IBM Security announced the results of a global survey examining consumers’ digital behaviors during the pandemic, as well as their potential long-term impact on cybersecurity. With society becoming increasingly accustomed to digital-first interactions, the study found that preferences for convenience often outweighed security and privacy concerns amongst individuals surveyed – leading to poor choices around passwords and other cybersecurity behaviors.
Consumers’ lax approach to security, combined with rapid digital transformation by businesses during the pandemic, may provide attackers with further ammunition to propagate cyberattacks across industries – from ransomware to data theft. According to IBM Security X-Force, bad personal security habits also carry over to the workplace and can lead to costly security incidents for companies, with compromised user credentials representing one of the top root sources of cyberattacks reported in 2020.
The global survey of 22,000 individuals in 22 markets, conducted by Morning Consult on behalf of IBM Security. The survey identified the following effects of the pandemic on consumer security behaviors in Asia Pacific:
- Digital Boom will Outlast Pandemic Protocols: APAC respondents surveyed created about 17 new online accounts during the pandemic across all categories. With 37% reported that they do not plan to delete or deactivate any of the new accounts they created du ring the pandemic after society returns to pre-pandemic norms, these consumers will have an increased digital footprint for years to come, greatly expanding the attack surface for cybercriminals.
- Account Overload Led to Password Fatigue: The surge in digital accounts led to lax password behaviors amongst those surveyed, with 86% of APAC consumers admit to re-using their online credentials across accounts at least some of the time. This means that many of the new accounts created during the pandemic likely relied on reused email and password combinations, which may have already exposed via data breaches over the past decade.
- Convenience Often Outweighed Security & Privacy: 54% of the APAC respondents surveyed would rather place and pay for an order digitally than go to a physical location or call to place an order even if they had concerns about the website/app’s safety or privacy. 60% of millennials are more likely to say they would rather place and pay for an order digitally than go to a physical location or call to place an order even if they had concerns about the website/app’s safety or privacy. With these users more likely to overlook security concerns for the convenience of digital ordering, the burden of security will likely fall more heavily on companies providing these services to avoid fraud.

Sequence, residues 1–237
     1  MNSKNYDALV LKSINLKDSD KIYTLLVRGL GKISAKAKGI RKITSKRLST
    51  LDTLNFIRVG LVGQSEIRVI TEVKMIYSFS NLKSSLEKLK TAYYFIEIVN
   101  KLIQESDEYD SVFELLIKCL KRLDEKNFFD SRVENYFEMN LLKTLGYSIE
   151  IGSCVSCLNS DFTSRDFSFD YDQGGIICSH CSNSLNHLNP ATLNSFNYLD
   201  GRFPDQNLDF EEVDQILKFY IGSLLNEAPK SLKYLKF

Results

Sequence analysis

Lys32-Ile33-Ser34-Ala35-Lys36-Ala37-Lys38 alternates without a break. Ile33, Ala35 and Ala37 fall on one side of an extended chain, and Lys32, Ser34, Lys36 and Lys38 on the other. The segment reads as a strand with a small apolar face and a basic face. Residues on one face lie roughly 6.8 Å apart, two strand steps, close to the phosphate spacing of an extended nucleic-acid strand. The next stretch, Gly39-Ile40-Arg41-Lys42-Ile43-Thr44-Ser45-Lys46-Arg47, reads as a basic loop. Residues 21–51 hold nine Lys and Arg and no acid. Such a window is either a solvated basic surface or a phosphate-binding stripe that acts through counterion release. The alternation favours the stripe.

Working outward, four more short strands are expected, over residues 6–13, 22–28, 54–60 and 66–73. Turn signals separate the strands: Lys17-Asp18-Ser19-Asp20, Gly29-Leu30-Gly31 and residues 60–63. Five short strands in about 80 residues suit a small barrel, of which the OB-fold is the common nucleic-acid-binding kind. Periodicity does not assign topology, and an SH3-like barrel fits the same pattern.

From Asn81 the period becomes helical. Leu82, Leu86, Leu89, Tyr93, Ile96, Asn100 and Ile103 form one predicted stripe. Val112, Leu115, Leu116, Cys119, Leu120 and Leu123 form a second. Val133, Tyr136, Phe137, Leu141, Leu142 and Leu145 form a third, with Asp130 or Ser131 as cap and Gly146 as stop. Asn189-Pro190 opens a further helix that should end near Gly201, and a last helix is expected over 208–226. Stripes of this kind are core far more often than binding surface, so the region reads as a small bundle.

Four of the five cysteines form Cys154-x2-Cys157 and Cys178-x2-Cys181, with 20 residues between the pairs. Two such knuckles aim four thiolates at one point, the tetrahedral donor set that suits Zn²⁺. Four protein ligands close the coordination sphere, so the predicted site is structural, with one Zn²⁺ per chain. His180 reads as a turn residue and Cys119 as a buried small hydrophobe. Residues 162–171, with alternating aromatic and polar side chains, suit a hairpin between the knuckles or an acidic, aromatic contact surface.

As consumers lean further into digital interactions, these behaviors also have the potential to spur adoption of emerging technologies in a variety of settings – from telehealth, to digital identity.
“Like other regions, Asia Pacific was propelled by the pandemic into a digital-first interaction for nearly every facet of life and it continues to shape our day-to-day interactions. From groceries, banking, social interactions to even healthcare services for COVID-19, consumers are demonstrating a sophisticated command of digital tools. As a result, businesses are increasingly reliant on digital channels for customer engagement and service delivery, greatly increasing their cybersecurity risks. Organizations are actively looking for advanced tools, leveraging AI and analytics, to modernize their Identity and Access Management platforms to provide a frictionless user experience across digital platforms while creating a stronger security posture and limiting potential risk. To assure the greatest levels of security, adopting a ‘Zero-trust’ approach, developing and understanding context around every user, every device and every interaction is mission critical.” Matthew Glitzer, Vice President, IBM Security, APAC.
Consumers Report High Expectations for Ease of Access
The survey shed light on a variety of consumer behaviors impacting the cybersecurity landscape today and moving forward. As individuals increasingly leverage digital interactions in more realms of their lives, the survey found that many have also become primed with high expectations for ease of access and use.
- 5 Minute Rule: According to the survey, most adults in APAC (57%) expect to spend less than 5 minutes setting up a new digital account.
- Three strikes you’re out: On average, respondents across all age group would attempt about 3 – 4 logins before resetting their login credentials including password. These resets not only cost companies’ money, they can also pose security threats if used in combination with an already compromised their mobile phone or email account.
- Committed to Memory: 47% of respondents in APAC store online account information in their memory (most common method) while 34% write this information on paper.
- Multi-factor authentication: While password reuse is a growing problem, adding an additional factor of verification for higher risk transactions can help reduce the risk of account compromise. The survey found that over two thirds quarters of respondents in APAC have used a two-factor or multi-factor authentication to access an online account across all time periods